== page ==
Thursday, October 21, 2004
Marlow Cook is not that important
Marlow Cook wrote an editorialin which he endorsed Senator Kerry. No big deal, except for one fact several liberal commentators are harping upon: Mr. Cook is the former Republican Senator from Kentucky.
The editorial is also noteworthy because it quote two prominent conservative commentators, George Will and William F. Buckley.
Gasp! The horrors! "Here, here at last are the long-lost reasonable conservatives," they say.
"This is why Bu$hitler will lose -- influential Republicans are rebelling against him!"
Hogwash. Let's have a little something I call context.
First, the quotes. Cook lists these quotes from George Will and William F. Buckley as additional reasons he will vote against Bush and for Kerry:
This administration cannot be trusted to govern if it cannot be counted on to think and having thought, to have second thoughts.
If I knew then what I know now about what kind of situation we would be in, I would have opposed the war.
I suppose it would be asking too much for Cook to actually put those quotes by Will and Buckley in context?
I thought so.
Will's comment appeared in the Washington Post. It was part of a rant in May of this year regarding this statement Bush made in response to a question about the viability of democracy in Iraq and Afghanistan:
There's a lot of people in the world who don't believe that people whose skin color may not be the same as ours can be free and self-govern. I reject that. I reject that strongly. I believe that people who practice the Muslim faith can self-govern. I believe that people whose skins aren't necessarily -- are a different color than white can self-govern.
Will's position was that President Bush perhaps overly optimistic about the chances for success in bringing democracy to that part of the world. I guess Mr. Cook agrees with George Will and disagrees with the President as to those chances. Pretty racist stance to take, IMHO, but Mr. Cook is entitled to it.
Buckley's quote is anachronistic, and taken out of context. The full quote is:
With the benefit of minute hindsight, Saddam Hussein wasn't the kind of extra-territorial menace that was assumed by the administration one year ago. If I knew then what I know now about what kind of situation we would be in, I would have opposed the war.
Subsequently, Buckley clarified:
I said ten days ago that if I had known back then in February 2003 what we know now I would not have counseled war against Iraq. That statement struck some as disloyal to a cause, some others as prime bait for exploitation by such as Senator Kerry. Then on July 12, President Bush gave an enormously illuminating speech to the Y-12 National Security Complex in Oak Ridge, Tennessee, which sheds light on ambient questions. What especially catches the eye is his saying that "Libya is dismantling its weapons of mass destruction and long-range missile programs. This progress came about through quiet diplomacy between America, Britain, and the Libyan government."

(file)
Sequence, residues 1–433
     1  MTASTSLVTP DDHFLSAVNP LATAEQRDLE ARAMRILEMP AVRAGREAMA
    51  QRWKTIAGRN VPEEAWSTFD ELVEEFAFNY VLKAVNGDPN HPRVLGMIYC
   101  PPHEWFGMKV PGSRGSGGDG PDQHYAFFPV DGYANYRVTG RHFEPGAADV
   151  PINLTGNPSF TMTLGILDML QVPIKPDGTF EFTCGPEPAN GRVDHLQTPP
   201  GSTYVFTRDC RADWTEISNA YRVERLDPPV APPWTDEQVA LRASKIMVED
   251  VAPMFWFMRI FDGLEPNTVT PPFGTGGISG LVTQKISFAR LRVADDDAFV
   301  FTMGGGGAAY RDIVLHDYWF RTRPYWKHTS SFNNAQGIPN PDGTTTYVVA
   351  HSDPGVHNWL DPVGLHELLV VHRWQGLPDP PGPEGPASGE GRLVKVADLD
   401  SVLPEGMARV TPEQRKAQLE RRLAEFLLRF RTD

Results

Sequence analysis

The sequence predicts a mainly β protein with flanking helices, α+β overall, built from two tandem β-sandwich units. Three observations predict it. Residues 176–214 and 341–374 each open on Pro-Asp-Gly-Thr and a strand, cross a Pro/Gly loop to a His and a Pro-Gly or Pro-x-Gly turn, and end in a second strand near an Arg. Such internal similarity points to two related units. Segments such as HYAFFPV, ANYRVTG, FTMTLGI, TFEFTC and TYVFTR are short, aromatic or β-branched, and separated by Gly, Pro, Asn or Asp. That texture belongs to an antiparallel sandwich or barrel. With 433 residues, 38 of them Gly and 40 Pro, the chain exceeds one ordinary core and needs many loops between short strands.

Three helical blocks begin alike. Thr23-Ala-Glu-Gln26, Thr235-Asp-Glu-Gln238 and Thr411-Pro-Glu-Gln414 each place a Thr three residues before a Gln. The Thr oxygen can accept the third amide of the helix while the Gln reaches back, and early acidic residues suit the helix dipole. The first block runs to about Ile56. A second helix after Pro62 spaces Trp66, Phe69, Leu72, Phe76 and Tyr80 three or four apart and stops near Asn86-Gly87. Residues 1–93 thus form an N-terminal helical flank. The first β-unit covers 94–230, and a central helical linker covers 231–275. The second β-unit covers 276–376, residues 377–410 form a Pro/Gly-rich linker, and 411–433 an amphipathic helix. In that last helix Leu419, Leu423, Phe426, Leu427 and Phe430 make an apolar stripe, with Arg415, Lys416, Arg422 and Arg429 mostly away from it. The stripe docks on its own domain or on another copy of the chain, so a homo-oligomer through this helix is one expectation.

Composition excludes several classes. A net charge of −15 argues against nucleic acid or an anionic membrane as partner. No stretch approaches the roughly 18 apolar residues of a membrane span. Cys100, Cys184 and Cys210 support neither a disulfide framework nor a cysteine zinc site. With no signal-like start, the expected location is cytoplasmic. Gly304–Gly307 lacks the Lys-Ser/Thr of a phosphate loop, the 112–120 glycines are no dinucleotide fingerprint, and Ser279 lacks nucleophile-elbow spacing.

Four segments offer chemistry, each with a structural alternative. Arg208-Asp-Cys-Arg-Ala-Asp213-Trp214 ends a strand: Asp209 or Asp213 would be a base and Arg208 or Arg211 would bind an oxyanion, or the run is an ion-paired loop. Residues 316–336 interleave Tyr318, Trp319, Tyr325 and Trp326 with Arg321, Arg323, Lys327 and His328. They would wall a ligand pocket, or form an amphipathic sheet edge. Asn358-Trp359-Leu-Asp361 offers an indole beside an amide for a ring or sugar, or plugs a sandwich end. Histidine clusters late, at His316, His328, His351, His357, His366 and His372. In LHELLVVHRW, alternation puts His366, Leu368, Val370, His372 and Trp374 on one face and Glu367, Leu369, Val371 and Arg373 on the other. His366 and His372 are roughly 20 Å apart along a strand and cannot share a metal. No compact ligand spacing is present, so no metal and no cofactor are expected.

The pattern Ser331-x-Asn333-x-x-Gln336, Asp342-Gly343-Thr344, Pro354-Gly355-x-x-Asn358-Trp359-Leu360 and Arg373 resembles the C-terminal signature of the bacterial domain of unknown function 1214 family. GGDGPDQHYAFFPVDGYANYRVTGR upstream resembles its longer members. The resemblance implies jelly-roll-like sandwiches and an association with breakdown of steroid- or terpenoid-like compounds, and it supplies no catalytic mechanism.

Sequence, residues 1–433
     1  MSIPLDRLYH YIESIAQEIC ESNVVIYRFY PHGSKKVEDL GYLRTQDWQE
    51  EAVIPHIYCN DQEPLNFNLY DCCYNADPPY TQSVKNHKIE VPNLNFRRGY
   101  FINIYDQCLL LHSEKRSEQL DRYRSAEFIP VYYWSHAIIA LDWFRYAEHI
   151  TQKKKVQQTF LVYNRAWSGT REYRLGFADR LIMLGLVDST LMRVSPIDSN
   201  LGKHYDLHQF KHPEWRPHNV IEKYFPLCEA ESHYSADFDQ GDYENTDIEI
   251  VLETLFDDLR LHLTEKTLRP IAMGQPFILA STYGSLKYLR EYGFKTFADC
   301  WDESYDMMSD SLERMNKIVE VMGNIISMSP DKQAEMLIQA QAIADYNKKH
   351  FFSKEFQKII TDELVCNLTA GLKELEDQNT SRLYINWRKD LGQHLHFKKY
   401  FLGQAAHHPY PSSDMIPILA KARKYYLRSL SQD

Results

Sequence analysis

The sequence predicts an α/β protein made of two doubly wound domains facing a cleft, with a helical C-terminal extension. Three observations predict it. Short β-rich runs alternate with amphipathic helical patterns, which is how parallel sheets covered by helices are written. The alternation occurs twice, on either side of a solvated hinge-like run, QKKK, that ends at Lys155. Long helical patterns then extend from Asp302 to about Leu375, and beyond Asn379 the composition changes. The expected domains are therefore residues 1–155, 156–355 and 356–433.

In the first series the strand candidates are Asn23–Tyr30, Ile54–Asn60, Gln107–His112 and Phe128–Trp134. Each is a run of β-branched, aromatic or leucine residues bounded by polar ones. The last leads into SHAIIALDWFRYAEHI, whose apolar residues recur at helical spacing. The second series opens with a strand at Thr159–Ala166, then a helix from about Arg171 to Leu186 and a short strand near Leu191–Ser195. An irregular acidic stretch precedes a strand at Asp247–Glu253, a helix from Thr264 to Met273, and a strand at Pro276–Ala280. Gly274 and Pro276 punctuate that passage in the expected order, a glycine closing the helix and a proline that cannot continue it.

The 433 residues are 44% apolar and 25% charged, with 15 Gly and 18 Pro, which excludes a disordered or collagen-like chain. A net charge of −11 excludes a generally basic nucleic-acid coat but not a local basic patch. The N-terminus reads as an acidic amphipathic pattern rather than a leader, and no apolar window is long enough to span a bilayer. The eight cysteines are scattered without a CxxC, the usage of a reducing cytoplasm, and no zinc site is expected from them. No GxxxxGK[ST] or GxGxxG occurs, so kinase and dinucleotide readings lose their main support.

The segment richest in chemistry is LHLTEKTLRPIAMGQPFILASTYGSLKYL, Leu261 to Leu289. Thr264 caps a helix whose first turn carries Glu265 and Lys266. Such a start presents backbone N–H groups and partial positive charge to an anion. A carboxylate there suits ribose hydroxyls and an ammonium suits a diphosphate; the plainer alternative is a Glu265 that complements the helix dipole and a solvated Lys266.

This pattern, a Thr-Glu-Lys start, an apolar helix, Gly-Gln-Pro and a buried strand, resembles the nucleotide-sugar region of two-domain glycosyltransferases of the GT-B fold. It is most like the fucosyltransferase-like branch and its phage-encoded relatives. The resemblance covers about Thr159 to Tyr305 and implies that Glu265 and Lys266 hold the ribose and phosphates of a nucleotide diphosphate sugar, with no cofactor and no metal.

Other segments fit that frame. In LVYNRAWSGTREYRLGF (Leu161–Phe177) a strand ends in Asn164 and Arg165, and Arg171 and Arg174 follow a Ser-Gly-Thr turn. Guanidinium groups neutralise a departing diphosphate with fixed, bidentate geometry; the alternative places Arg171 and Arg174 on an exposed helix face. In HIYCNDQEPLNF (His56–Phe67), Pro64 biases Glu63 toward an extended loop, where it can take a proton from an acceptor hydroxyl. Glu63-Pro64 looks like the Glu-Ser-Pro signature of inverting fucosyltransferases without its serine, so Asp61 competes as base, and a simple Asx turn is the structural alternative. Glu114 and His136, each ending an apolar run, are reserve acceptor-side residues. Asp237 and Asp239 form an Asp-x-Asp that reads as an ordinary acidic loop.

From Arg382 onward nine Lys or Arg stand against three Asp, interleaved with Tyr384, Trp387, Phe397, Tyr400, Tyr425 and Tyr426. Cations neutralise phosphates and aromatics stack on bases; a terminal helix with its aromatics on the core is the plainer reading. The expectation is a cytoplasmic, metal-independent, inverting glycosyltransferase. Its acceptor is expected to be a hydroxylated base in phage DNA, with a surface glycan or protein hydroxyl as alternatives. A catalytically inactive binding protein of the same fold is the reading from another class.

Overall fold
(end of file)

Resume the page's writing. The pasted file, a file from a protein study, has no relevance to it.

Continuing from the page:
The mind travels immediately to the question: Well, why could not diplomacy have accomplished in Iraq what it accomplished in Libya? But the President keen-wittedly bases the success of Libya on quiet diplomacy to be sure, but quiet diplomacy backed up by our own commitment to "defending the peace by taking the fight to the enemy." He is contending, in effect, that if it hadn't been for our military entry into Iraq, Qaddafi might well have continued his development of nuclear weapons. Who can dispositively argue that this analysis is wrong?
Buckley now sees the war as necessary and has focused what criticism he has expressed on Iraq to issues related to rebuilding the country.
Cook also trots out the canard that Republicans beat Max Cleland in Georgia by questioning his patriotism. Nonsense. Cleland lost because of his record -- a record that included voting against the Homeland Security act because it didn't guarantee union protection to employees. In other words, Cleland was willing to politicize Homeland Security to gain a sop to his union supporters, and Georgia voters saw right through it.
Finally, let's dispel any ideas one may have that Cook is either popular, influential, or anywhere near the mainstream of Republican voters. Though he is still registered Republican, he supports local Democratic candidates, like Christine Jennings, running for Congress against incumbent Republican Katherine Harris.
While he may once have been popular enough in Kentucky to win a Senate seat (barely), he has been out of office for nearly thirty years. Originally from a county judge and member of the Kentucky Legislature, he was elected to the Senate from Kentucky in 1968. That is the only state-wide election he ever won, and he barely did so with 51% of the vote. Absent the national Nixon landslide, he almost certainly would not have won this election. He ran for re-election to the seat in 1974 and lost, only pulling 44% of the vote. At that point, rather than returning to Kentucky, he elected to remain in Washington, D.C. and practice law (the end-goal for many Washington insiders who lost their final elections). Upon retirement, rather than returning to Kentucky, he elected to move to Sarasota, Florida. His opinion will carry little if any weight in Kentucky these days.
Cook has been described as a moderate by some, but whose stance was really closer to the now largely-defunct Rockefeller wing of the party. Today, he would be considered a RINO, like Leahy.
Dems can have Cook, a one time winner who skated into office on the coat tails of another candidate thirty years ago (about the same time John Kerry's Christmas in Cambodia was seared, seared into his memory). Republicans will be happy to take Zell Miller, who, despite liberal rhetoric, is in the mainstream of America and has election after state-wide election victories (most by wide margins) to prove it.